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  • Author or Editor: Barrett Gruber x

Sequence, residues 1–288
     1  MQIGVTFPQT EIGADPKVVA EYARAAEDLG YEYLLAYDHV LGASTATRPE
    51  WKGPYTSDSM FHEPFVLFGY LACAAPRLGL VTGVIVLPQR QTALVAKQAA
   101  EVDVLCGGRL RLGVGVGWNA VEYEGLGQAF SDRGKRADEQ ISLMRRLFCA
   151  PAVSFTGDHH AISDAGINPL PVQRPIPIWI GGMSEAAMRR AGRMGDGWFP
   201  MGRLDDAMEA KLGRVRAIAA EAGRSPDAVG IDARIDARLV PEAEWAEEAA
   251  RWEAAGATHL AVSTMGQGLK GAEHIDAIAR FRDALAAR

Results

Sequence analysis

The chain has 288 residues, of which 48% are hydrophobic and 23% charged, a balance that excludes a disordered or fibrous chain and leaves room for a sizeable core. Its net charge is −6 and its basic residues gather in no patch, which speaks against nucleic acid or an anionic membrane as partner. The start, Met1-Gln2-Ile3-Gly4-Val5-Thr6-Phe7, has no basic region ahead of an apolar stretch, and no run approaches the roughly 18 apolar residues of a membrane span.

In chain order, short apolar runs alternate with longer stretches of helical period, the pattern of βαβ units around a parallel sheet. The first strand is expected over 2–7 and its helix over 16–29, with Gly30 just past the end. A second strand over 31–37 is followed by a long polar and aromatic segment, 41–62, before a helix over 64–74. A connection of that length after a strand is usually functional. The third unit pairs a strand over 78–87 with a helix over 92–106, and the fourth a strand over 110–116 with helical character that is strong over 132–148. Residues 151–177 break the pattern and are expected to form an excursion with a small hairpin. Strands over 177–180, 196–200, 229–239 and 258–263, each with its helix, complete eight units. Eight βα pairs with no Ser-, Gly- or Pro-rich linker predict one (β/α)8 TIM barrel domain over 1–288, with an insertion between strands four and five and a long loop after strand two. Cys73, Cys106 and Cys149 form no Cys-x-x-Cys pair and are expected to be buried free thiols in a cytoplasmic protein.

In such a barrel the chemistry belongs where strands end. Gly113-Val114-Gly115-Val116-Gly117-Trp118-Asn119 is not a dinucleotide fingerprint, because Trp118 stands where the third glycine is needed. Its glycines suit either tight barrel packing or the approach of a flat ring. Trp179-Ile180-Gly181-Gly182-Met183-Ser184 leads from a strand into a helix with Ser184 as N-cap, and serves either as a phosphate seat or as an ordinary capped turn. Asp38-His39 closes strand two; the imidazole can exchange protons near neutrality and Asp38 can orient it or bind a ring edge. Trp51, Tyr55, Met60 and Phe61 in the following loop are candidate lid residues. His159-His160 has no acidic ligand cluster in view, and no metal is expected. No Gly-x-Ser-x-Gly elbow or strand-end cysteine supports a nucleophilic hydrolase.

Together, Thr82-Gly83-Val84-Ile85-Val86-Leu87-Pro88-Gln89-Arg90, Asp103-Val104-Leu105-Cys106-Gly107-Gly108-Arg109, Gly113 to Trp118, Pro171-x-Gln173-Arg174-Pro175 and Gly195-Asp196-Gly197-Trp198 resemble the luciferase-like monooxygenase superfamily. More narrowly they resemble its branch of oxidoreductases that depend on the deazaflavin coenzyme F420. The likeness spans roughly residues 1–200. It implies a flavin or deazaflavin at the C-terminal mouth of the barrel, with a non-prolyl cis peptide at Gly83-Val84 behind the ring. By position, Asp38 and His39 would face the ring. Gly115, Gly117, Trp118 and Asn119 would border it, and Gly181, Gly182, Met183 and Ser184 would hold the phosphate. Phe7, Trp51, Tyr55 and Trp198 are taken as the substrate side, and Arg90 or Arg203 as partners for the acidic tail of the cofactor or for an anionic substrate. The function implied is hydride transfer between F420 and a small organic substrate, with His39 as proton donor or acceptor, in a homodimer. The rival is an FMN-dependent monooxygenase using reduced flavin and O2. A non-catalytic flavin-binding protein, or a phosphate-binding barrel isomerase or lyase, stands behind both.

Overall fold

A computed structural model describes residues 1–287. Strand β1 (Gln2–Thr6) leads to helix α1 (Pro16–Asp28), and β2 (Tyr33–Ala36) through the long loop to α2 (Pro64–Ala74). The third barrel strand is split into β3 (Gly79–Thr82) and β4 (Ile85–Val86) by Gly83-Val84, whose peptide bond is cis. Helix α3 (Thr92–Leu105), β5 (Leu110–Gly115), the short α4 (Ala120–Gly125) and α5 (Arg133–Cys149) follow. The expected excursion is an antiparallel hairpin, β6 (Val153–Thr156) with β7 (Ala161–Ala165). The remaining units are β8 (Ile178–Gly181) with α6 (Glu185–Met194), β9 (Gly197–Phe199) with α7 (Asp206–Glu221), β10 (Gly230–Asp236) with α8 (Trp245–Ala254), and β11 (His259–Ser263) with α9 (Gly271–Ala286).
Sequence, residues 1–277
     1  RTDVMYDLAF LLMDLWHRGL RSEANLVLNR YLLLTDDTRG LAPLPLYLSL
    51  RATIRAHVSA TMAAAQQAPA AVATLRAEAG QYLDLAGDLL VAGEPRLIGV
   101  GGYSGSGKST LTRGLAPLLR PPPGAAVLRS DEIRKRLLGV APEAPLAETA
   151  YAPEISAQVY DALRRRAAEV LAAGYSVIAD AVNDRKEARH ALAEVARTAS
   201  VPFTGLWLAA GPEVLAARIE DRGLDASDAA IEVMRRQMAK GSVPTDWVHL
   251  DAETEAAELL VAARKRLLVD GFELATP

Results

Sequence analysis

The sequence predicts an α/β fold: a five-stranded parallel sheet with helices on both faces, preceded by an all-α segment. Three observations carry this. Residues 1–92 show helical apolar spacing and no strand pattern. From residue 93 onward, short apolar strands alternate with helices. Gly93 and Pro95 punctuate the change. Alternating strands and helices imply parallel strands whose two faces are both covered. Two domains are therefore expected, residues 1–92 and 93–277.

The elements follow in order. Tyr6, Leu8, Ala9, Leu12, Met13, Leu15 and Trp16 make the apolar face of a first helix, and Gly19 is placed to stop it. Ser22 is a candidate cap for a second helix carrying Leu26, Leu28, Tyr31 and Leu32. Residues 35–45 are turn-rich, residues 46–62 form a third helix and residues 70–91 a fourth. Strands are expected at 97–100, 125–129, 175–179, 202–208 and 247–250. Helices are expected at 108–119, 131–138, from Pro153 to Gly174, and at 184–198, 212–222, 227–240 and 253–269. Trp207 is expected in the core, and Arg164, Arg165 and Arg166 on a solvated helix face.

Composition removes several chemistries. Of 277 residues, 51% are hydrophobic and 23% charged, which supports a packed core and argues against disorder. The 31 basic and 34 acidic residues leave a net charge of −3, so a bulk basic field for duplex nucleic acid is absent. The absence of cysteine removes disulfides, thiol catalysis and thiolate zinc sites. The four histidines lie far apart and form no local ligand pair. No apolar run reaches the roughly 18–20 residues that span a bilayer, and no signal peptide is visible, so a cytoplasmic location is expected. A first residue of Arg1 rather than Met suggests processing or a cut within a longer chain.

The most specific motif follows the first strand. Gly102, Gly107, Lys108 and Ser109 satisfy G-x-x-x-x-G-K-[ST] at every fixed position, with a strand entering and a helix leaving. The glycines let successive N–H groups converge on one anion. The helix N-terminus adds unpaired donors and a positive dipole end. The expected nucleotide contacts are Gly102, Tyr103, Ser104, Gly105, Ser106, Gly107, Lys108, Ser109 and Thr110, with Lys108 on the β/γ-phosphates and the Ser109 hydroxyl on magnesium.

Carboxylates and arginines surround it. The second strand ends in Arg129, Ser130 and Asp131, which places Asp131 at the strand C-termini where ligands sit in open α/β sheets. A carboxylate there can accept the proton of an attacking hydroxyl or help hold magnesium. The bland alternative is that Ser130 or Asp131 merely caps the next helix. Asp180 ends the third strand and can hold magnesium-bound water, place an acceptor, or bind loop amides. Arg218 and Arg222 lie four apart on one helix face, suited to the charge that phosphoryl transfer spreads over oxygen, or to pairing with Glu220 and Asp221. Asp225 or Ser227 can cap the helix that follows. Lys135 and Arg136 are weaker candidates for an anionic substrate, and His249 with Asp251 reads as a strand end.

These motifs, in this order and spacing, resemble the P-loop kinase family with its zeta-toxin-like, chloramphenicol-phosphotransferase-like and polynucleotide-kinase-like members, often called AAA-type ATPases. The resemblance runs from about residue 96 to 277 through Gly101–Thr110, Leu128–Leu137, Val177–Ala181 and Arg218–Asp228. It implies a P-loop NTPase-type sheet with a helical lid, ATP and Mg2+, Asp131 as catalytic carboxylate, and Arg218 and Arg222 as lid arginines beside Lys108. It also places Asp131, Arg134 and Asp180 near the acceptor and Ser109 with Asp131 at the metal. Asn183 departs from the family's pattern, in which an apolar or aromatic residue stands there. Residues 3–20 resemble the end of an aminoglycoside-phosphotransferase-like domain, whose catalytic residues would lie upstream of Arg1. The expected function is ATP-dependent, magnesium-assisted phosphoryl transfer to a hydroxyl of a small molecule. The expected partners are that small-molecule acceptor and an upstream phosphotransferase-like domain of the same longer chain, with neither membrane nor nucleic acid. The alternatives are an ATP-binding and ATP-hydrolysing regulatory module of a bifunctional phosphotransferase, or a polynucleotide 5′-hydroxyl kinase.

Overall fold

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Copper-based fungicides are effective for managing cherry leaf spot disease incited by Blumeriella jaapii (Rehm) Arx. However, their application has been associated with bronzing discoloration of tart cherry (Prunus cerasus L.) foliage. This work explored the consequences of foliar applications of a copper-based fungicide for tart cherry fruit quantity and quality. ‘Montmorency’ tart cherry trees were subjected to one of the following fungicide programs in 2007, 2008, and 2009: synthetic fungicides only, synthetic fungicides integrated with a copper-based fungicide, or not sprayed. Each year, the number of fruits per shoot and fruit fresh weight and soluble solids concentration (SSC) were measured three to six times during drupe development. Repeated measures indicated no collection date × fungicide program effect on the mean number of fruits (P ≥ 0.48) and SSC (P ≥ 0.14) in all years or on fresh weight in 2008 and 2009 (P ≥ 0.58). There was a collection date × fungicide program effect (P = 0.02) on mean fresh weight in 2007. On 6 July 2007, trees assigned to the integrated copper program were observed having 23% and 27% lower fruit fresh weights than trees assigned to the nonsprayed and synthetic programs, respectively. However, pairwise comparisons indicated no difference in fresh weight between the integrated copper and the nonsprayed programs (P = 0.26) and no difference between the integrated copper and synthetic programs (P = 0.25) on the final collection date of 2007. In 2007, fresh weight decreased slightly (slope = –0.08, P = 0.05) as leaf bronzing severity increased, whereas SSC increased slightly (slope = 0.31, P = 0.06). In 2008 and 2009, there was no relationship between bronzing severity and fresh weight or SSC (P ≥ 0.34). These results indicate that applied copper does not lead to fewer fruits per shoot or reductions in fresh weight or SSC of mature fruit and that the observed range of leaf bronzing severity had little to no influence on fresh weight and SSC.